One of the most important aspects of Halal trade is the certification that the items manufactured, processed, transported, distributed and sold conform to the tenets of Islam and that Muslims can consume them.
With the expansion of the market to include non-Muslims, the need for the certification has become even more imperative.
In New Zealand, accreditation of enterprises claiming to deal in Halal products must be certified as such by the Wellington based Federation of Islamic Associations in New Zealand (FIANZ). The federation has inspecting officials located in Auckland and other major cities to assess such claims and certify them as Halal.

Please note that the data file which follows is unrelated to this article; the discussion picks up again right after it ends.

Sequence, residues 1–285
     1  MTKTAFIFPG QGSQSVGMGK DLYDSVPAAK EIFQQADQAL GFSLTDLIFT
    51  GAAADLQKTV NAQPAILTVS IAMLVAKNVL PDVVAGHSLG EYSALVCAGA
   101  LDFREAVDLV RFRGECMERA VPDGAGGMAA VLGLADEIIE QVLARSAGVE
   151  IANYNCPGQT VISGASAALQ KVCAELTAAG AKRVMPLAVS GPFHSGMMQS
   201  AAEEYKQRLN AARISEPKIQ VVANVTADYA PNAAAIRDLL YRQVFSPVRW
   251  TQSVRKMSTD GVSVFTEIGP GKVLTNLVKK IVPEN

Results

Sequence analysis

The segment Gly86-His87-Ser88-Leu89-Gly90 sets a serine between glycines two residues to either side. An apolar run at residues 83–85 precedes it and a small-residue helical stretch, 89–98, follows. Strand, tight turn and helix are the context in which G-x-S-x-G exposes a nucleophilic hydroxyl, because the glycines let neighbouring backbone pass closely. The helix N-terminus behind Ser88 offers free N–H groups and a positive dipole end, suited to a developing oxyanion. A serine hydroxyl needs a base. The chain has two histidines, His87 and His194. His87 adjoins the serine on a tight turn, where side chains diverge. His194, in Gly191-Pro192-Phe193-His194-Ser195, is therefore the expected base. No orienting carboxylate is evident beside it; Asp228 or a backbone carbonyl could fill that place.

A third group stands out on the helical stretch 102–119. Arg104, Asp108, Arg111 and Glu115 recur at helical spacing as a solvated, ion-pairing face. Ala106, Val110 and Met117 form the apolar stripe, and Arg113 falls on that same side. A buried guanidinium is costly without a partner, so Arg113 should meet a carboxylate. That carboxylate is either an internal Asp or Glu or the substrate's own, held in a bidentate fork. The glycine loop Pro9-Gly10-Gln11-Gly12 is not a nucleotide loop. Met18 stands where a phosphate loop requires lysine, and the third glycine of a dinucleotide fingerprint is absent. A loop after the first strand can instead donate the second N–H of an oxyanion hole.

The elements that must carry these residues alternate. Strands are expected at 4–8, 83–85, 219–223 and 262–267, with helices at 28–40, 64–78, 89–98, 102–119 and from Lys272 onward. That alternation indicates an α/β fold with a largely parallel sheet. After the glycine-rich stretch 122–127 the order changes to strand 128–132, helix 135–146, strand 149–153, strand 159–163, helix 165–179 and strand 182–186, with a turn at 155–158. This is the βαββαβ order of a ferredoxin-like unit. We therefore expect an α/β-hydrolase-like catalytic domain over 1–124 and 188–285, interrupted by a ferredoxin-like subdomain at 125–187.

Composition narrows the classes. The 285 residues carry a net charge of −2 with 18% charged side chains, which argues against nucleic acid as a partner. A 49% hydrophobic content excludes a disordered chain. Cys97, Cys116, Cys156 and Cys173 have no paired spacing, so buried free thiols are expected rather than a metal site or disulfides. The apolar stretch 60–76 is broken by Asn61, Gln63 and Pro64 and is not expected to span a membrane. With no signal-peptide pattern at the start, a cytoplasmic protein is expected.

One such retailer to receive the FIANZ certificate was Food 4 Less Supermarket.
The firm’s director Nilesh Prakash said Halal items at the outlets in Otahuhu and New Lynn were confined to lamb, meat, goat, chicken and duck meat and lamb and mutton sausages.
“Muslims do not consume pork and Hindus stay away from beef and hence we do not deal in these items, as a mark of respect to their sentiments,” he said.
A FIANZ official said Food 4 Less sourced its meat from Halal suppliers and that the outlets could be certified as a Halal dealer.
The firm’s Halal staff are well respected in the industry.
Apart from Halal items, the retail outlet symbolises New Zealanders’ penchant for shopping and their quest for seeking the best on offer.